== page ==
Various Pt species were shown to be present in Pt/H-mordenite catalyst preparations containing 1.5 and 2.6 wt % Pt. Air calcination of the catalyst precursor generated large Ptox metal particles (average size of >10 nm) by autoreduction, whereas a fraction of the platinum was converted to cations and oxycations, such as Pt2+ and Pt 2O2+, balancing negative charges on the zeolite framework. The results of temperature-programmed H2 reduction (H 2-TPR) suggested that Pt2O2+ was reduced to Pt- below 550 K. The Pfn+ cations (n = 1 or 2) became reduced to Pto and Ptox above 550 K. Reduction was introduced by heterolytic H2 dissociation, generating neutral platinum hydride and zeolite Brønsted acid sites, [Pt-nH]° and H -. A similar platinum species, x[Pto-nH], was obtained from homoly tic H2 dissociation on PtOx. When H2 was removed from the system, electrons were transferred from Pto atoms or Ptox nanoparticles to the zeolite protons. When H2 was released, acid sites were annihilated, and the highly dispersed metal again became the zeolite cation Pfn-. The oxidation state and the chemical environment of the platinum were characterized by the vibrational spectra of chemisorbed CO. The spectral feature in the 2090-2100 cm-1 range, present in the spectrum of each H 2-reduced catalyst, was shown to stem from two overlapping component bands. These bands were assigned to CO bound to Pt+ and Pt o. The results confirm that the active surface intermediates of alkane hydroisomerization are platinum hydride/carbenium ion and platinum hydride/zeolite proton pair sites, such as [Pto-H]/ZO-C nH2n+1 (species 1) and [Pto-H]/ZO -H+ (species 2) sites, in dynamic equilibrium with gas-phase alkane and H2. Hydrogen promotes release of the alkane from species 1 by generating species 2 (hydride transfer). If the rate of isomer formation is governed by the transformation rate of the carbenium ion, this suggested mechanism corresponds to kinetics that is first-order in hexane and negative-order in hydrogen. The large Ptox clusters were shown to catalyze the saturation of the eventually formed alkenes and, thereby, to suppress coke formation and catalyst deactivation.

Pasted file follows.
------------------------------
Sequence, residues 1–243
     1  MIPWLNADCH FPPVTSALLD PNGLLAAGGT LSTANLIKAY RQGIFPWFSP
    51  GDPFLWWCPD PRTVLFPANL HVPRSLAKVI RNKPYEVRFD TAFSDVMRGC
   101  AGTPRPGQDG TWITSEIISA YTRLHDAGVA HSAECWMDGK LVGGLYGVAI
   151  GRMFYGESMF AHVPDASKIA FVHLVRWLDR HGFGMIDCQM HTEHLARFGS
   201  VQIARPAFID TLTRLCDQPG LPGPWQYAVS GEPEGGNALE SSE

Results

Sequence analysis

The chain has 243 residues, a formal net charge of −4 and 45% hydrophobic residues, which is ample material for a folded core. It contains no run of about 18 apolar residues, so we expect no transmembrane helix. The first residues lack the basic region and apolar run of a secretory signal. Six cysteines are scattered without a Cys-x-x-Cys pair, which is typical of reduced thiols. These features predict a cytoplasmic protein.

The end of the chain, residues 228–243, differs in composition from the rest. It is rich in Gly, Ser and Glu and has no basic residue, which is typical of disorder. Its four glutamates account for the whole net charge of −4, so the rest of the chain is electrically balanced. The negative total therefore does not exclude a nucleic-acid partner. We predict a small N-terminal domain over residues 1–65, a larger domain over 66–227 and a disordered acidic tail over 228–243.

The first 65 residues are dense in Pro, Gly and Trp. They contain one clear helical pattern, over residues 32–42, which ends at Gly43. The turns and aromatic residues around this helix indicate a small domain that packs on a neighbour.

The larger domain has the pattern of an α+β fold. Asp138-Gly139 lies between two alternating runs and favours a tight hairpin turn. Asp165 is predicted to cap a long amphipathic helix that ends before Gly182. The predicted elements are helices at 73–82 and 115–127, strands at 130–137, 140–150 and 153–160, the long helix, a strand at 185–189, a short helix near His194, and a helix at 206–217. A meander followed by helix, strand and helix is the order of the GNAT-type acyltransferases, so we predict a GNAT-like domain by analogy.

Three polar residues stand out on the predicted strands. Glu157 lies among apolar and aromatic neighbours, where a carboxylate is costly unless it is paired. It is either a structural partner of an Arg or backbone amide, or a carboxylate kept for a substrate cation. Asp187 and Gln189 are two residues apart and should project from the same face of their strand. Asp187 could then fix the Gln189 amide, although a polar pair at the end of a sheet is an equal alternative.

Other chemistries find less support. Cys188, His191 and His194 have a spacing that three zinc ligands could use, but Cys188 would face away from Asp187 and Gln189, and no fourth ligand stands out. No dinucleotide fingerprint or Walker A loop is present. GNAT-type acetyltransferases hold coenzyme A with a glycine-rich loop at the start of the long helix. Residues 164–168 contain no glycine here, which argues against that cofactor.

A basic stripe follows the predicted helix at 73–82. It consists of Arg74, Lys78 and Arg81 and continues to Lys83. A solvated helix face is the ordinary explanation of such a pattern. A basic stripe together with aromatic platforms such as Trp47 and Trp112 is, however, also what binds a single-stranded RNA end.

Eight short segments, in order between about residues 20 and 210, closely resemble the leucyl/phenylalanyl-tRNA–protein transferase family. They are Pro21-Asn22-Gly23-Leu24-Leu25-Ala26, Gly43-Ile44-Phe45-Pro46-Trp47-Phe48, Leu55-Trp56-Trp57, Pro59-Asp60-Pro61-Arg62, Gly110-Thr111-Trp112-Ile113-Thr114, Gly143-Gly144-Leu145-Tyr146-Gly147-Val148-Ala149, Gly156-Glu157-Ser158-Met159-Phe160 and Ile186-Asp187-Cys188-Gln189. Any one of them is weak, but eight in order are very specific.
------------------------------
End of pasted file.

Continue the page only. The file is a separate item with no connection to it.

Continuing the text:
ASJC Scopus subject areas
- Electronic, Optical and Magnetic Materials
- Physical and Theoretical Chemistry
- Surfaces, Coatings and Films